What a Typical Family Buying a Home Might Expect to Experience their Purchase Transaction after Escrow Opens
THE BEGINNING: Escrow will be opened by the Realtor whose chose the escrow company per the Residential Purchase Agreement. Your good faith deposit must be delivered to escrow typical within 3 days of acceptance of the offer.
INSURANCE: Make sure you contact your insurance agent to order coverage for your property early in the process so you won’t have any problems with this near close of escrow. Have your insurance agent contact the escrow officer with confirmation of the underwriting in case there are any issues with the property selected so you and your agent have ample time to work on solutions. Make sure your insurance agent sends their investigator out to view the property and its location early on, if required, so your policy won’t be cancelled at the last minute due to underwriting issues.
DISCLOSURES: Several disclosures will come to you throughout the escrow process for normal Seller to Buyer sales for your review. Make sure you open and read all messages coming to you as it gets to you, as these issues are all assigned deadlines for your protection, and if you don’t object to one that is not livable to you within the dictates of the contract, you could inadvertently give up that protection of contingency. Make sure if you read something that is not acceptable to you, that let your agent know right away!
YOUR LOAN: It is especially important for you to get with your lender quickly once your offer is accepted to get all documentation the lender needs for final approval of the loan. It is also important that you choose your loan program in a timely manner and that you discuss with your loan officer when it is best to lock your rate. (This varies in a short sale transaction) If you put off shopping for rates for too long, you may endanger your agreed upon closing which could present a costly problem for you with your seller. Track the progress of your loan. Your lender should order the appraisal very soon after escrow opens. This will be a cost to your side of anywhere from $350-500+. Your lender is required to provide you a copy of it if you require it. Be sure to NOT make any large purchases any time before close of escrow as it could change your debt ratios and bump you out of the deal altogether.
THE PHYSICAL INSPECTION: It is important for you to make a decision who you have chosen for your Physical Inspector, within the first 2 days after your offer has been accepted. Whomever you choose to utilize, let your agent know who you have chosen as the agent will need to confirm if that appointment will be suitable for the Seller, too. If you work during the week, the appointment can be set for lunchtime, as the last inspection of the day is usually no later than 3pm. Some Buyers prefer to come during the last half hour of the inspection at which time the inspector will show you all he has found, and will save you a great deal of lost job time waiting for him to get done. At that time, you can also ask him any questions you may have about the property. Some Buyers prefer to be there for the whole inspection. This is your choice.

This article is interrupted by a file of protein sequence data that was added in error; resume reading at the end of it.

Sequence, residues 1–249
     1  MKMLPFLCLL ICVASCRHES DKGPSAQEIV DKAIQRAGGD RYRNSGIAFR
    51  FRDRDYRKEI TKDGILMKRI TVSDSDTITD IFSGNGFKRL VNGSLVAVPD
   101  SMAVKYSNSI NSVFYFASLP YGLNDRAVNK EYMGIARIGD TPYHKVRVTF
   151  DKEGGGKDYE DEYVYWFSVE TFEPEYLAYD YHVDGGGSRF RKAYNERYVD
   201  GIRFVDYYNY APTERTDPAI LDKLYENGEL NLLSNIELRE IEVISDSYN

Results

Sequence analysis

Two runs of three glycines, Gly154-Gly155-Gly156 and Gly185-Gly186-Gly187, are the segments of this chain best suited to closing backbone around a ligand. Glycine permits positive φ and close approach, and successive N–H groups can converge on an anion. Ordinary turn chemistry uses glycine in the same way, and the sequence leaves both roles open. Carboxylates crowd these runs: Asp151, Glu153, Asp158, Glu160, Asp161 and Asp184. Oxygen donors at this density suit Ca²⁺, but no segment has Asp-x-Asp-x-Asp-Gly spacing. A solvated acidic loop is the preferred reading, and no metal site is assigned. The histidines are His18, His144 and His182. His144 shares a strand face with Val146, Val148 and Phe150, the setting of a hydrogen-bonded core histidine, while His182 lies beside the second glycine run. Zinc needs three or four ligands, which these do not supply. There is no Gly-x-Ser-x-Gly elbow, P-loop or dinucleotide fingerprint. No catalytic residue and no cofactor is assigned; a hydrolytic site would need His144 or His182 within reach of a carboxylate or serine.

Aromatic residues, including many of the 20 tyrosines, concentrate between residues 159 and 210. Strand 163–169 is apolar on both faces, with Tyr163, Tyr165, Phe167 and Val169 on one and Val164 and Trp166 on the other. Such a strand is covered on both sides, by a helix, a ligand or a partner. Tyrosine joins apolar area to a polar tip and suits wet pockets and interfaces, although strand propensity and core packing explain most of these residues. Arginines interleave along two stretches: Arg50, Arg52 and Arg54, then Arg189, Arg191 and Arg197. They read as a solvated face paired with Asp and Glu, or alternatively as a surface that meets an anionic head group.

AFTER THE INSPECTION: The inspector will give you a short verbal report on the day of the Inspection talking about the highlights of the inspection. The full written report should come to you that day or the next depending on how that inspector works. You will need to review the report as quickly as possible, and then call your agent so you can decide which items to ask the Seller to repair. Then, your agent will create a written request that you will need to sign so that it can be sent to the seller’s agent. You need to know, that each Seller and situation is different as to what the Seller is willing or able to do regarding repairs and that repairs are a negotiable point between both parties. Sometimes they are willing to credit moneys in lieu of repairs and sometimes they are not. Probates, Estate Sales, Foreclosures, REO’s and Short Sales may not allow for a Repair Request.
THE PEST INSPECTION: The Seller will likely be performing a termite and dry rot inspection for you. This will determine if there is any active infestation of those two pests, and also the possibility of mold, which may then have to be further inspected by a contractor or environmental hazards specialist. You will receive a copy of this report per the contract. If there are any repairs for active infestation called for in the report (called Section 1) the Seller should do them before close of escrow in order for that Pest company to certify the house as being clear of active infestation. Escrow cannot close without that certification unless otherwise agreed to in the contract. Unless you are getting some types of FHA or VA loans, Section 2 items or conditions that may lead to infestation will be at your expense.